Illinois Public Media News
A spokeswoman for Transportation Secretary Ray LaHood says the former Illinois Republican congressman will leave the Obama administration at the end of the president's current term.
The spokeswoman, Jill Zuckman, said LaHood was asked about his intentions at a media luncheon Thursday. She said he gave no reason for his decision and hadn't discussed his intentions with President Barack Obama.
LaHood was congressman for 14 years until retiring in 2008, and a top aide to former House Minority Leader Bob Michel before that.
He had a reputation in Congress as a moderate who tried to foster greater cooperation between Democrats and Republicans. While those skills made LaHood an attractive Cabinet choice, he has become better known as a plain-speaking advocate for safer driving and job-creating transportation projects.
Prosecutors are linking a career criminal with Bill Cellini, the final Blagojevich co-defendant to stand trial. They've called their star witness, Stuart Levine, to the stand. Just a few minutes into his testimony Wednesday afternoon Levine started down a laundry list of his criminal activity.
He told jurors that he spent decades paying bribes to public officials to get government contracts for businesses that he had an interest in. He also admitted abusing drugs for 30 years.
Levine has admitted his guilt in various schemes to defraud the state of Illinois and he's now cooperating with federal prosecutors and testifying against Bill Cellini. Previously he testified for three weeks in the trial of Blagojevich fundraiser and advisor Tony Rezko.
Levine told jurors he's done business with Cellini for decades, paying Cellini more than a million in fees. He said the two were also personal friends. Prosecutors say the relationship eventually turned criminal. They say Cellini tried to extort campaign contributions on behalf of former Illinois Governor Rod Blagojevich in an attempt to keep his own business with the state.
Defense attorneys will no doubt plumb the depths of Levine's criminal life and tell jurors they shouldn't trust a word he says.
Ill. Gov. Pat Quinn said Wednesday that a recent report exaggerates the state's debt.
U.S. Sen. Mark Kirk, R-Ill., released the report saying the state has $8.3 billion worth of unpaid bills. But the state comptroller said the number is more like $5.1 billion.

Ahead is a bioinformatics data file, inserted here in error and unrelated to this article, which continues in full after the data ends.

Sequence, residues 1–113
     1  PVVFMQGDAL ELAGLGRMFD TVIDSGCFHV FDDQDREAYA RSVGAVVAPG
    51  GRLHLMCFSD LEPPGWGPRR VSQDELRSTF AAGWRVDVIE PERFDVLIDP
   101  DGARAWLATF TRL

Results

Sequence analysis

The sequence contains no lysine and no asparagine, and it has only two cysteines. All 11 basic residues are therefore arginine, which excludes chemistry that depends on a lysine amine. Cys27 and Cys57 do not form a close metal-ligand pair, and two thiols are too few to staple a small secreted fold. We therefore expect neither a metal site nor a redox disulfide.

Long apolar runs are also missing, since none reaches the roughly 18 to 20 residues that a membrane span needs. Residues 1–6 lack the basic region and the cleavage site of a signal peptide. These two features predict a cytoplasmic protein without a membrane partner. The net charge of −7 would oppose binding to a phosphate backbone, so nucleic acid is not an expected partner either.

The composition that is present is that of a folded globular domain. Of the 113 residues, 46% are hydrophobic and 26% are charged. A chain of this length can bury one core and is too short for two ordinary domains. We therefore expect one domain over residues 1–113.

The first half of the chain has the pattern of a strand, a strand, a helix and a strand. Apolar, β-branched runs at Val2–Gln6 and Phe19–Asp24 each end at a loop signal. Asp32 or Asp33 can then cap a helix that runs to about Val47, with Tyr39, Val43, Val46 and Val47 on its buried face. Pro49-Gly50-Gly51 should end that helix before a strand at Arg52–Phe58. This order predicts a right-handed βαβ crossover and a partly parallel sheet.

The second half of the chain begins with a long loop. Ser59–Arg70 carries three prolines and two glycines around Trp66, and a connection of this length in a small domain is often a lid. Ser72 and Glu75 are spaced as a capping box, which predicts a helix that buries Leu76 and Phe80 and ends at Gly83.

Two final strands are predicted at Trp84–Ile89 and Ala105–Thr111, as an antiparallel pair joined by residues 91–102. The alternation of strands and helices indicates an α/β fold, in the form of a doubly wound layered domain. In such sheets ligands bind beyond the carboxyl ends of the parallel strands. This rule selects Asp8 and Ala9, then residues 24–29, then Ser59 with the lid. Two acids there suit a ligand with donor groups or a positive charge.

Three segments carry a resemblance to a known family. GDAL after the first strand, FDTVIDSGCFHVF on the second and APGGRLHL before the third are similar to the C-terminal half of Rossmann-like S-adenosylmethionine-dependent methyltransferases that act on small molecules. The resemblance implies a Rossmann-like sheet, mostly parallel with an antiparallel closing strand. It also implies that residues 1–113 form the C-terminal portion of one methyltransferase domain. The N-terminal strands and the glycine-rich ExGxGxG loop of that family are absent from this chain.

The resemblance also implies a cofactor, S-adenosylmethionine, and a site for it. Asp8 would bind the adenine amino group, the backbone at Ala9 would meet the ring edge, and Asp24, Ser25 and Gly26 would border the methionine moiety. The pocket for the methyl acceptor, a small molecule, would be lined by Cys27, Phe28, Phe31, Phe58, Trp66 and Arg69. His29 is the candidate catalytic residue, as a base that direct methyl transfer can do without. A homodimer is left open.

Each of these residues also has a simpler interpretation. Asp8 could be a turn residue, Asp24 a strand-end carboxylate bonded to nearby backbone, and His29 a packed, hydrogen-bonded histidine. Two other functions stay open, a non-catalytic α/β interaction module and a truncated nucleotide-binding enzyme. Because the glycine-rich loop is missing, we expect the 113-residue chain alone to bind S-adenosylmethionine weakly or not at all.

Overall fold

Quinn said the state is making progress in cutting its unpaid bills.
"I think (Kirk) probably exaggerated some of the numbers," Quinn told reporters Wednesday at an unrelated news conference. "We have whittled down the bills we have to pay, we still have a long way to go. You know if it's just woe is me and a doomsayer - I don't think that's particularly helpful."
Quinn said creating jobs is the key to improving Illinois' debt standing.
The Illinois Health Facilities and Services Review Board has signed off on creating Illinois' largest Catholic hospital system.
At its meeting Wednesday in Bolingbrook, the state regulatory panel unanimously agreed to the merger between Mokena-based Provena Health and Chicago-based Resurrection Health Care.
The combined system would provide more than 100 sites, including Provena's two hospitals in Urbana and Danville, 28 long-term care and senior residential centers, and more than 50 clinics.
Sandra Bruce, the president and CEO of the new organization, said it is grateful for the board's unanimous approval.
"We enthusiastically now turn our full attention to creating a strong Catholic health ministry driven by Mission, and focused entirely on collaborating with our physicians, staff, and our communities to deliver patient, resident and family-centered care that is high in quality and value," Bruce said in a press release.
When the merger was announced in July, Resurrection spoksman Brian Crawford said he expected a cost savings to be incurred by closing down information systems and a corporate office for one of the hospital systems. At a state hearing in Urbana in August, there was little opposition to the move.